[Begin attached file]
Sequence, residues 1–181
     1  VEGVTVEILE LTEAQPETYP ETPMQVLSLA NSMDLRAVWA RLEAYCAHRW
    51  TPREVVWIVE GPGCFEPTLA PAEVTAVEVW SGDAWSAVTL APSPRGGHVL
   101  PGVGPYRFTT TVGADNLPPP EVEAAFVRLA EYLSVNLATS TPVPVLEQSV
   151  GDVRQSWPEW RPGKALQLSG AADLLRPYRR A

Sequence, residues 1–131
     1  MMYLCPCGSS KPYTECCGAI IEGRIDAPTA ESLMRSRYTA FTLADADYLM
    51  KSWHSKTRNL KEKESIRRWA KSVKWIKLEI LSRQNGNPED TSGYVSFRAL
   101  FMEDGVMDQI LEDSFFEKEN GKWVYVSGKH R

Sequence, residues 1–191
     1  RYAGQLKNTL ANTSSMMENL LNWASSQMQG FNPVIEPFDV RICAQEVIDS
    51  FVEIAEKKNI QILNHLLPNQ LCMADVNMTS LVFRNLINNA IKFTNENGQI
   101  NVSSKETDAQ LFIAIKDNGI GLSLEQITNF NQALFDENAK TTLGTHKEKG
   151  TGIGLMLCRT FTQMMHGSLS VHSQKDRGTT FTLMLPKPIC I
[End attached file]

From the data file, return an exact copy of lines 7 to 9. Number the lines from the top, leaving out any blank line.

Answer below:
     1  MMYLCPCGSS KPYTECCGAI IEGRIDAPTA ESLMRSRYTA FTLADADYLM
    51  KSWHSKTRNL KEKESIRRWA KSVKWIKLEI LSRQNGNPED TSGYVSFRAL
   101  FMEDGVMDQI LEDSFFEKEN GKWVYVSGKH R